By Eric Schweibenz
On November 2, 2012, the International Trade Commission (the “Commission”) issued a notice and order granting a joint motion to terminate the bond forfeiture proceeding between Tessera, Inc. (“Tessera”) and Freescale Semiconductor, Inc. (“Freescale”) based on a settlement agreement in Certain Semiconductor Chips With Minimized Chip Package Size and Products Containing Same (Inv. No. 337-TA-605).

By way of background, the Commission issued its final disposition of the underlying investigation in May 2009, finding a violation of Section 337 by reason of infringement of Tessera’s U.S. Patent Nos. 5,852,326 and 6,433,419 and issuing a limited exclusion order (“LEO”) and cease and desist orders against various respondents, including Freescale.  On May 21, 2012, Tessera moved for summary determination of bond forfeiture by Freescale, seeking to have the bonds posted by Freescale pursuant to the LEO and cease and desist order forfeited, as well as payment of any pre-judgment interest.  On September 18, 2012, ALJ Theodore R. Essex issued an Initial Determination in Order No. 73 granting-in-part Tessera’s motion, finding that Freescale’s entire posted bond amount is subject to forfeiture, but that Tessera is entitled to only 62.1% combined market share.  The ALJ also found that Tessera is entitled to pre-judgment interest from May 2009 to September 18, 2012, the date Order No. 73 issued.  See our October 12, 2012 post for more details.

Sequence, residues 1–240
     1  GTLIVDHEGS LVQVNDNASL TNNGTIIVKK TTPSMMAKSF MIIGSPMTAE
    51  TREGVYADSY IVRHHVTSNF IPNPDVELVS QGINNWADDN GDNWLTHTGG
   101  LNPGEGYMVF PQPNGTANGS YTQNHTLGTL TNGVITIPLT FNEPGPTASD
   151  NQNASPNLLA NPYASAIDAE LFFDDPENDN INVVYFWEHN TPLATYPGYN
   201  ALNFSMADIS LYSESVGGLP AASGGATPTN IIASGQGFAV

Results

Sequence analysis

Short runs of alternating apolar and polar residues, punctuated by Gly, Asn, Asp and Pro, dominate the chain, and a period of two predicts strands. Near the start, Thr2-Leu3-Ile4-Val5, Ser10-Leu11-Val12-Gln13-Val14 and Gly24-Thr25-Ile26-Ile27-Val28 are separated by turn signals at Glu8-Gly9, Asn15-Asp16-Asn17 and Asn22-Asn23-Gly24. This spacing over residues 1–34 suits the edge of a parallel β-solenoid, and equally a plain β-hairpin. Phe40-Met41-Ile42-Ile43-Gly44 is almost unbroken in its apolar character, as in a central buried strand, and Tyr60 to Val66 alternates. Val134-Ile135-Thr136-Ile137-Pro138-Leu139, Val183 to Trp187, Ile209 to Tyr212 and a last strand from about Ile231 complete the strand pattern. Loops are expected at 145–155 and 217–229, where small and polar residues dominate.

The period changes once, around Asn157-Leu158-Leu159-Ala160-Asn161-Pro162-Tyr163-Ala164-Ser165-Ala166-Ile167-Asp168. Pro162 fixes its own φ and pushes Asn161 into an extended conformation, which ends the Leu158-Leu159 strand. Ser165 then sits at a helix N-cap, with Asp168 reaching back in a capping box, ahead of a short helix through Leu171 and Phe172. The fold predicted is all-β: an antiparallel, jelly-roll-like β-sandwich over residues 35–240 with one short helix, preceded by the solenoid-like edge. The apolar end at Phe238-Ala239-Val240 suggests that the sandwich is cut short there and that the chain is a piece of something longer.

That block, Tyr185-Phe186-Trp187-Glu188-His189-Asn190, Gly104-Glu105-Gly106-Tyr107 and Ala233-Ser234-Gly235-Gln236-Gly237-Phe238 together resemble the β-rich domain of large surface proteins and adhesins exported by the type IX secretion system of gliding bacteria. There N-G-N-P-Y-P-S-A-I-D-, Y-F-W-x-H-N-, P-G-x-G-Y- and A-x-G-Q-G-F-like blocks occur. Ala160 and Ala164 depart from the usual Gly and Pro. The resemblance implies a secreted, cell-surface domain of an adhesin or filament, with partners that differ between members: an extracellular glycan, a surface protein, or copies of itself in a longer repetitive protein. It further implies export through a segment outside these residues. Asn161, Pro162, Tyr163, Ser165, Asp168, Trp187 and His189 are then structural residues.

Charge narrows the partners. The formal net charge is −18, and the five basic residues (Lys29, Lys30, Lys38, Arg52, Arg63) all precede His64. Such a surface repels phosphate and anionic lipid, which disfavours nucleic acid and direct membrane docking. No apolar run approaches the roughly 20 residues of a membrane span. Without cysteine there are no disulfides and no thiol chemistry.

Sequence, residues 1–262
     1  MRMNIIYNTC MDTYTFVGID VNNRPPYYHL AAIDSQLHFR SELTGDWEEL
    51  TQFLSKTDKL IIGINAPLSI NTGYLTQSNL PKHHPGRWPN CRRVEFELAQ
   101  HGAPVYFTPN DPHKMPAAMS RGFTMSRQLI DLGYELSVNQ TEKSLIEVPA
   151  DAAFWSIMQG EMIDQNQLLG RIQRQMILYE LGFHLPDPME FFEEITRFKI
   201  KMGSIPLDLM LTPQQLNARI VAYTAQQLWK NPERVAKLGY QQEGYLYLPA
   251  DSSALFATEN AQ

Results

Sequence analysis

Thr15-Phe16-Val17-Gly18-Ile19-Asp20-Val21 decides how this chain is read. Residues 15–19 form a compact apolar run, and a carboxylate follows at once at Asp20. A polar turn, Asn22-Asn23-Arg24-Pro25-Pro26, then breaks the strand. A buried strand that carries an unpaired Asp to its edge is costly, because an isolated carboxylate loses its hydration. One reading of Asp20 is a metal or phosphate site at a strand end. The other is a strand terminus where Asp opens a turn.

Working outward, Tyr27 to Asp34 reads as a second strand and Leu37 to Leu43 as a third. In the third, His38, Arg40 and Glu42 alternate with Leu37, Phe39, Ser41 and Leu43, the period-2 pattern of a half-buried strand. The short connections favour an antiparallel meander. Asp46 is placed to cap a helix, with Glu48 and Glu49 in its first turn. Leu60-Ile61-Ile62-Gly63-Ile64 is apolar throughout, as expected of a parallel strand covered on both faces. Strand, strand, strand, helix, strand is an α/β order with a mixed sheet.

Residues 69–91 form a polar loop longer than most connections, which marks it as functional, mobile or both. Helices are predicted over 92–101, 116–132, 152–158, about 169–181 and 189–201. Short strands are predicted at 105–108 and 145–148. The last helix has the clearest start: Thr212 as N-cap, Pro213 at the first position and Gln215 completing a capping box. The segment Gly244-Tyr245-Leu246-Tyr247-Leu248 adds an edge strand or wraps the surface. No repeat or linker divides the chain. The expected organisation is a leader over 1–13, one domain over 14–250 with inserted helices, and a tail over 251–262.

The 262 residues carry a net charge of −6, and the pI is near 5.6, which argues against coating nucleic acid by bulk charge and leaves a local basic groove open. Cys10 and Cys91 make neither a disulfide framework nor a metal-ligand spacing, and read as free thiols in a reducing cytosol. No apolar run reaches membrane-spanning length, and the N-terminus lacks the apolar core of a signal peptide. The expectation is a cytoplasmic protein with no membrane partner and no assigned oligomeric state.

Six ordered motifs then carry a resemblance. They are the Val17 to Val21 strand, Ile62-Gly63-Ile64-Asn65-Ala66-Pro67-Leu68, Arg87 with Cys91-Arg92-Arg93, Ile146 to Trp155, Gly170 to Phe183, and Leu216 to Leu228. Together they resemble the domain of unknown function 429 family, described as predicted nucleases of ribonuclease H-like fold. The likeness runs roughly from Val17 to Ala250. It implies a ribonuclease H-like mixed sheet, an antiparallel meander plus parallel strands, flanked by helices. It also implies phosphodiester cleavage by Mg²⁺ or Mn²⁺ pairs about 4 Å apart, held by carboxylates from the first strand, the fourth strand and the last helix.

According to the notice and order, Tessera and Freescale filed a joint motion to terminate the bond forfeiture proceeding on October 9, 2012 based on a settlement stipulation entered into between the parties.  The motion indicated that, as of the date of the motion, Freescale paid Tessera the amount owed according to Order No. 73, and that Tessera “releases and discharges Freescale from any and all claims arising out of Freescale’s activities during the Presidential review period with respect to the patents asserted in this investigation ….”  In granting the motion, pursuant to 19 C.F.R. § 210.50(b)(2), the Commission found no evidence that termination of the investigation would prejudice the public interest or that settlement would adversely impact the public health and welfare, competitive conditions in the U.S. economy, the production of like or directly competitive articles in the U.S., or U.S. consumers.  Since all other respondents were previously terminated from the investigation, the termination of Freescale resolved all remaining issues and thus terminated the investigation in its entirety.